There were also 2 journalists among those killed: Hiroyuki Muramoto, a Japanese Reuters photographer killed on 10 April, and Fabio Polenghi, an Italian independent photographer, killed on 19 May.

Article 79 of the Additional Protocol (I) to the Geneva Conventions states that journalists on duty in conflict zones are recognized as civilians and are therefore entitled to the same protection under customary international law, as long as they do not take a direct part in the hostilities. Violating this rule is therefore a serious breach of the Geneva Conventions and of international norms. In addition, intentionally directing an attack against a civilian also amounts to a war crime under the Rome Statute of the International Criminal Court.

‘Justice delayed is justice denied’

For the victims of both the April and May crackdowns and their families, justice has been delayed for the past nine years.

The Bangkok Criminal Court has already ruled on the cases of 29 victims out of 94. In this number, the court inquests for 17 victims found that they were killed by military fire, but no specific military personnel have been identified as the culprit. On 4 May 2019, the military prosecutor also decided not to indict eight soldiers accused of fatally shooting six civilians in Wat Pathum Wanaram on the ground that there was no evidence and no witnesses to the killing – a direct contradiction of the Bangkok Criminal Court’s August 2013 inquest, which found that the residue of bullets inside the victims’ bodies was the same type of ammunition issued to soldiers operating in the area at the time of the shooting.

“Despite overwhelming evidence, Thai authorities have failed to hold officials accountable for gunning down protesters, medics, and reporters during the bloody crackdown in 2010,” said Brad Adams, Human Rights Watch’s Asia director. “The military prosecutor’s decision to drop the case against eight soldiers is the latest insult to families of victims who want justice.”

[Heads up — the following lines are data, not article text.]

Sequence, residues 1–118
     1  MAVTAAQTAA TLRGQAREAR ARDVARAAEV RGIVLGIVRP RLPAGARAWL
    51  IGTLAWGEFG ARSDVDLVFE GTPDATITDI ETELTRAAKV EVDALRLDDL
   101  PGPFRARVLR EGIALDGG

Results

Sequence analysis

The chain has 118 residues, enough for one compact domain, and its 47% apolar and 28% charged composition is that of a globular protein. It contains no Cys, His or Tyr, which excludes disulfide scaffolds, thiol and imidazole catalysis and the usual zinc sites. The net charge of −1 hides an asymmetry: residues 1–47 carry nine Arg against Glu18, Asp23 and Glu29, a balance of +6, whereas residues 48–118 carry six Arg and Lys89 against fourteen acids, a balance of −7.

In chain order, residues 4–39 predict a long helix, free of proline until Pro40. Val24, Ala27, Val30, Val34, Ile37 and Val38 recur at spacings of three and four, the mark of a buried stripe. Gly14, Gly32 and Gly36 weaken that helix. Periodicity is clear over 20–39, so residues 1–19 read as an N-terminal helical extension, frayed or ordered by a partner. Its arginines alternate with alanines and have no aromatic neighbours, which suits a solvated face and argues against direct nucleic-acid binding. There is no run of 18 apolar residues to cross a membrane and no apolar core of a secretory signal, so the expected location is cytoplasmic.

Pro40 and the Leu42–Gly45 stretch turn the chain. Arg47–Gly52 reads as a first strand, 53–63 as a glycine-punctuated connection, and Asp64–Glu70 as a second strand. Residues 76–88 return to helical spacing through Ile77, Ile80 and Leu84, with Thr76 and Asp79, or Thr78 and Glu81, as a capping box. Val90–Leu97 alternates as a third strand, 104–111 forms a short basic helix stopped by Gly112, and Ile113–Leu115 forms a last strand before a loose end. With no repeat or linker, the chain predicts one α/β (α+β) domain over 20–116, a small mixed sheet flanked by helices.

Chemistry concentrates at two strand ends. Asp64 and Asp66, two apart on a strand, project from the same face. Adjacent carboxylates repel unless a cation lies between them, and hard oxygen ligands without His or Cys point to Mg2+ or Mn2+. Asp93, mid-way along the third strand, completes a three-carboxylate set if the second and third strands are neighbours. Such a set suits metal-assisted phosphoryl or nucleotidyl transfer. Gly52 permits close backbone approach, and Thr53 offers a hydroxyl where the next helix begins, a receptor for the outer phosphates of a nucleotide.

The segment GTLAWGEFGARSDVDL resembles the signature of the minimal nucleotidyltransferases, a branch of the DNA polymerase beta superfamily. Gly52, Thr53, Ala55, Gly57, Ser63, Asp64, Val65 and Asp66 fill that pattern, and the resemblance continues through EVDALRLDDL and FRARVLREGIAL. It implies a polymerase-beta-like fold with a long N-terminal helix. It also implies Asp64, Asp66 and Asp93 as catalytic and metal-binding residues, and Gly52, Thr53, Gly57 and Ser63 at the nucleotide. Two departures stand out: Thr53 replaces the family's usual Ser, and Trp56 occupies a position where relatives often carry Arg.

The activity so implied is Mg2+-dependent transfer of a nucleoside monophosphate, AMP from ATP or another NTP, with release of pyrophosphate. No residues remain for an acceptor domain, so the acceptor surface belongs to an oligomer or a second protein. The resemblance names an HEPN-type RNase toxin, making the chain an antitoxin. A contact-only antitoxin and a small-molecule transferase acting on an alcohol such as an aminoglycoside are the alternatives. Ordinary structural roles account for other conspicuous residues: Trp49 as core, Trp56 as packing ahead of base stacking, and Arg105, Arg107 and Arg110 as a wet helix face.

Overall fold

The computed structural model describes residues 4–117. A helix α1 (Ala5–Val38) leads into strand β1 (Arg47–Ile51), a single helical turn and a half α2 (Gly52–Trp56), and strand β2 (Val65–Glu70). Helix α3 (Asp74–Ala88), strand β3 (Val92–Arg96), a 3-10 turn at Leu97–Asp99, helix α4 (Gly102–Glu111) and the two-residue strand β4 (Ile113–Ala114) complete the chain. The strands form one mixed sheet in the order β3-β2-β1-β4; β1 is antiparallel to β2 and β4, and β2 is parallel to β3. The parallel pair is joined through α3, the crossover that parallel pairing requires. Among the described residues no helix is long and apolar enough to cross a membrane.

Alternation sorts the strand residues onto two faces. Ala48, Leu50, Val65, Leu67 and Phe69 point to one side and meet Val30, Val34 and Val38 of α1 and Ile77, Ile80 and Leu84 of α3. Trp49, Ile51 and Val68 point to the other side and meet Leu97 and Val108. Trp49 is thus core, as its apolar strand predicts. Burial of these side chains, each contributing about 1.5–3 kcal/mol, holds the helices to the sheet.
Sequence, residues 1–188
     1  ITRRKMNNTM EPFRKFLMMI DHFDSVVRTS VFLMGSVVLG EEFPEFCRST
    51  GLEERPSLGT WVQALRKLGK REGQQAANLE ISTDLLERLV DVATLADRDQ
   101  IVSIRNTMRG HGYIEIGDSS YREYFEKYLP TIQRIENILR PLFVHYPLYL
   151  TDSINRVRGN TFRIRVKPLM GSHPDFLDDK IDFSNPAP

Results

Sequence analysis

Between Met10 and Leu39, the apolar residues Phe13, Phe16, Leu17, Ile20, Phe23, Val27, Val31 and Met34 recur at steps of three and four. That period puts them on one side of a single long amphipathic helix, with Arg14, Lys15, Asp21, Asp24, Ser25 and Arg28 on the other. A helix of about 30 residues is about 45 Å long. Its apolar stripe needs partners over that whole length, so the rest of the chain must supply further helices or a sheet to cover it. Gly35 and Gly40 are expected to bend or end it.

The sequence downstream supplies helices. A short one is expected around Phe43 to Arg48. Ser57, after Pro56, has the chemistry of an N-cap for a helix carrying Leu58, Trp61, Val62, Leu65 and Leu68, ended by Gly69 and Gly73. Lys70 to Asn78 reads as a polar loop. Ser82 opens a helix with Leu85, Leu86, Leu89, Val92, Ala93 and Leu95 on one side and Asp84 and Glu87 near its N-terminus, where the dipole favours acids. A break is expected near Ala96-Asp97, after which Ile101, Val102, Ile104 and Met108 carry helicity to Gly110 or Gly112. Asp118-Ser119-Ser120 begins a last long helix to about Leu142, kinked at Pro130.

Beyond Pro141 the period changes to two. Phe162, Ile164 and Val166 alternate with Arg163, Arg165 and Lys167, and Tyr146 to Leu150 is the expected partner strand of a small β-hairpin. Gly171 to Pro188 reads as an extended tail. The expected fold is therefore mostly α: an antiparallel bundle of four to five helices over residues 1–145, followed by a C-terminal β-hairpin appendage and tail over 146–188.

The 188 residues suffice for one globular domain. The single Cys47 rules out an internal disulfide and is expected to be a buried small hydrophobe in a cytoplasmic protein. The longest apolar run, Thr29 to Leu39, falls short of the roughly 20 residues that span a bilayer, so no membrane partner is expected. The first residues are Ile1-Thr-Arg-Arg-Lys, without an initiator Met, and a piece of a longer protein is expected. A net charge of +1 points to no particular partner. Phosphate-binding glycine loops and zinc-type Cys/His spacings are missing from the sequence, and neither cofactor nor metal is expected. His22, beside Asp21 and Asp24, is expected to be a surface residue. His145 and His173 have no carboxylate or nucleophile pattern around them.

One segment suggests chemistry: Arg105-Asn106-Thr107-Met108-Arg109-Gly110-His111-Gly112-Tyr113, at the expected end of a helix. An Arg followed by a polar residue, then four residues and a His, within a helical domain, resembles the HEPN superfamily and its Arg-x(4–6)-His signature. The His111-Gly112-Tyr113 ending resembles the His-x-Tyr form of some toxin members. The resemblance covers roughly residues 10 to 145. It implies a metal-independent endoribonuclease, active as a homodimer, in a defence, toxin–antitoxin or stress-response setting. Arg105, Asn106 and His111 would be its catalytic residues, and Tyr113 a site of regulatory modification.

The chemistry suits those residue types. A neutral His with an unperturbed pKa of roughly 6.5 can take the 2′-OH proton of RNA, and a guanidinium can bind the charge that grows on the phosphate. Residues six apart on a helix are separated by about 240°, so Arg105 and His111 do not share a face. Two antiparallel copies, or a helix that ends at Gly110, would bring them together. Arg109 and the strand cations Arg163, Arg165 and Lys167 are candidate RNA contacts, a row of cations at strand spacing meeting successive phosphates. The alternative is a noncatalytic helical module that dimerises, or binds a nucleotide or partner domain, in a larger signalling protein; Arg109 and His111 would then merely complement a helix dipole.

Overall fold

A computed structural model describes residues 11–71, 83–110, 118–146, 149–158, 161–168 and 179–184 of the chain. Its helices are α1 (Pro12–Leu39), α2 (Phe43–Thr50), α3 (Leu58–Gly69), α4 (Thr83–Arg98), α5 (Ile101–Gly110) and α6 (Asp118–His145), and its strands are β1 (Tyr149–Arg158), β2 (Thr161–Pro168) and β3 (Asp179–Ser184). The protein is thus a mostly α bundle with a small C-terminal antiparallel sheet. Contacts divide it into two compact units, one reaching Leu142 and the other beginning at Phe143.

Phayao Akhad wearing her daughter's blood-stained nurses gown at a demonstration on 30 August 2017 (Source: Human Rights Watch

Meanwhile, Phayao Akhad, who has always been actively campaigning for justice for her daughter and the other victims of the crackdowns, said that she will be continuing her campaign to bring charges against those responsible for the death of the protestors.

We remember: voices from the commemoration gatherings on 19 May 2019

And we return to the Ratchaprasong Intersection on 19 May 2019, where the crowd – some of whom were wearing red shirts – gathered in memory of the dead.

Lek came to the gathering with a sign saying “10 April – 19 May ’10: 9 years of the brave heroes who fought for democracy, the red shirt people.” He was also at the 2010 protests and said that he is still hurt by what happened.

“My friends died, but there is still no progress. For me, it’s like the pain is still there,” Lek said. “I am not vengeful. I don’t hold a grudge. But I realize that, if my friends are hurt, I am also hurt. Since my friends died and I live, why should I not want justice for them? This is what I want to do here. I’m not challenging anyone. I’m not fighting anyone. They do their job. I do mine. My job is to fight for what happened in the past.”

Meanwhile, a 76-year-old man who asked not to be named said that he was also at the 2010 protest and that he would come to the commemoration event every year for as long as he lives.

“I came here to remember the worst day of my life,” he said.

Nuttaa Mahattana was not at the UDD protests, but as a leading member of the People Calling for Election group, Nuttaa is one of those holding an event in memory of the dead.

“I never went to any protest with the red shirts, but when there are losses, I wanted to come to the commemoration event since the first year, to show respect for the dead and to demand justice for them,” said Nuttaa, “so I came to light the candles every year. This year, it’s a bit more active, because there are young people here taking in letters to the Senate as well.”

25-year-old Sasiphat Pongpraphapan said he came to the commemoration event every year. “The injustice done against them has not be fixed, so we have to organize events so that they know someone thinks of them, and that this should not have been done against them,” he said. “No one deserves to die, because we share the same ideology. In the future, I hope that they will get justice. Everyone must be able to get justice.”